The Association of Colleges (AoC) is calling on the government to address the imbalance of funding for post-16 learners.
In its spring budget submission, the AoC calls for the government to boost overall education spending to 5 per cent of the gross domestic product and create "fair funding" for FE by increasing the national base rate for 16 to 18-year-olds to match that at Key Stage 4. At present, funding for 16 to 18-year-olds is 22 per cent lower than among 5- to 16-year-olds.
The AoC is also calling for a capital budget directed to colleges, and a new workforce development fund to support staff.
The recommendations set out by the AoC include:
- Increasing spending on education and training from 4.3 per cent to 5 per cent of GDP;
- Introducing “fair funding” by increasing the national base rate for 16 to 18-year-olds to match Key Stage 4;
- Reforming the management of education spending to improve efficiency and allocation of funds;
- Support for the full implementation of the Sainsbury Review, including investment in a capital budget directed to colleges, a new workforce development fund to support staff and a drive to double the supply of maths teachers by 2030;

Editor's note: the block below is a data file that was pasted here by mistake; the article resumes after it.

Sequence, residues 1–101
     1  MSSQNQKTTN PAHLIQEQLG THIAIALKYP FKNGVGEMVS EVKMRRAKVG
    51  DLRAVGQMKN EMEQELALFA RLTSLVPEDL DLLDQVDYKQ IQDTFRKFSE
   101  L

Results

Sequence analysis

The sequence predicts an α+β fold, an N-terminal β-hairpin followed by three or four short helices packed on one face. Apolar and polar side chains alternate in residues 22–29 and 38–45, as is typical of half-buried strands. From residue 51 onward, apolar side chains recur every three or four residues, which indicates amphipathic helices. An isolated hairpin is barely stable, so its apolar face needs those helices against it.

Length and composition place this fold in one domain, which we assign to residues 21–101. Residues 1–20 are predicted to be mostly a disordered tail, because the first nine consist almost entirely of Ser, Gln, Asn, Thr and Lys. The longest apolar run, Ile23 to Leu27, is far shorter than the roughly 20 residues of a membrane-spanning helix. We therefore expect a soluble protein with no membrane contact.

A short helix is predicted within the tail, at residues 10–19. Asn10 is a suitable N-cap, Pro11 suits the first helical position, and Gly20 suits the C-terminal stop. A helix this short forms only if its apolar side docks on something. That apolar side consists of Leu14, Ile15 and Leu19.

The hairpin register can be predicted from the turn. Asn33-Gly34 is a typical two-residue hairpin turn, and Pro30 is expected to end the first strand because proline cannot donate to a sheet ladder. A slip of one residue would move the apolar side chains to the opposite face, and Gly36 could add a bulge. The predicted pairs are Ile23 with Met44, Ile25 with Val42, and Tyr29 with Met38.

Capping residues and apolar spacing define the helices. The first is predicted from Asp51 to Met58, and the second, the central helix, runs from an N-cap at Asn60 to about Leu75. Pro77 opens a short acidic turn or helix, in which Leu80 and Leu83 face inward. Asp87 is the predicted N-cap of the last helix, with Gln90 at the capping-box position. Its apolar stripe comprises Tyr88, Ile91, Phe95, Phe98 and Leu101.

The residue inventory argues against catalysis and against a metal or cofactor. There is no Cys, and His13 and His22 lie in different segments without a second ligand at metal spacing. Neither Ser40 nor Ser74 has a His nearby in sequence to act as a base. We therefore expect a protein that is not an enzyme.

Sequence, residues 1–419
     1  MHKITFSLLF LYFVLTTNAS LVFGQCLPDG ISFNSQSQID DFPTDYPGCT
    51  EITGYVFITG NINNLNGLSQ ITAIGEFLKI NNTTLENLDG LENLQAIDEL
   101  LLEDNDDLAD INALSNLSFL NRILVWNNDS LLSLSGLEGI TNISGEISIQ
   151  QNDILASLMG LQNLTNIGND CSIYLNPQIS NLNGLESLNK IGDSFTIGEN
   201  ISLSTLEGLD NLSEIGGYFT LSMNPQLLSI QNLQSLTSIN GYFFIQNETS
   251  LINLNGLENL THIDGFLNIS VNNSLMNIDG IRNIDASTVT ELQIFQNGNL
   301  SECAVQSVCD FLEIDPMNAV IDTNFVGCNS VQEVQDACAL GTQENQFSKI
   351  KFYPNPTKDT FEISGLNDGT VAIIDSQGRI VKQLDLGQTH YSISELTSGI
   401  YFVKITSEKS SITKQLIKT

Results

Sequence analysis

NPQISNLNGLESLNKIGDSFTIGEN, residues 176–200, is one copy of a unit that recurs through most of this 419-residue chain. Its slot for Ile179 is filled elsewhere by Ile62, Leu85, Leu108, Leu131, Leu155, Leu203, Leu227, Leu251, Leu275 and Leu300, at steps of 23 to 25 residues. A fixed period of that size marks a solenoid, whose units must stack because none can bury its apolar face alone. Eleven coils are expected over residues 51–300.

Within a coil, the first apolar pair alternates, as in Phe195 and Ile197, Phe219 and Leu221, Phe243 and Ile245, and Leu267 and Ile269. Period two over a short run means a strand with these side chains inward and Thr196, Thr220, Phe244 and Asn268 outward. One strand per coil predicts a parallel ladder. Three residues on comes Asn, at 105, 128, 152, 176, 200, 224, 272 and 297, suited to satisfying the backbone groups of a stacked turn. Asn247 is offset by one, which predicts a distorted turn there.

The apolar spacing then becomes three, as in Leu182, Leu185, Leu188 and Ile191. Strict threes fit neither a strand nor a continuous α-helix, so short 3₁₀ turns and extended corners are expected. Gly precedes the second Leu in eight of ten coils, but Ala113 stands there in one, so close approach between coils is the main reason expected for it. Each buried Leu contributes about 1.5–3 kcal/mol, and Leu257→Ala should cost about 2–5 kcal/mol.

- Provision of financial support for young people to allow them to participate in learning, irrespective of transport costs and childcare;
- A review of the adult education budget level of £1.5 billion in light of Brexit to guarantee a "Citizen’s Skills Entitlement" – six core capabilities needed for life and work;
- An agreement from the government to guarantee apprenticeship spending between 2017 and 2020, regardless of levy collection.
Click here to see the full list of recommendations.
In an exclusive article for TES, Julian Gravatt, assistant chief executive of the AoC, writes: "[The] AoC’s budget submission argues for a wider set of changes than just those relating to technical education. We suggest the Department for Education needs to rethink its approach to different age groups and reconsider the 22 per cent drop in funding at age 16."
He added: "An educated and skilled population will be the backbone for the country’s future economic success. Next month’s budget will be a chance for the Treasury to show that it takes this seriously."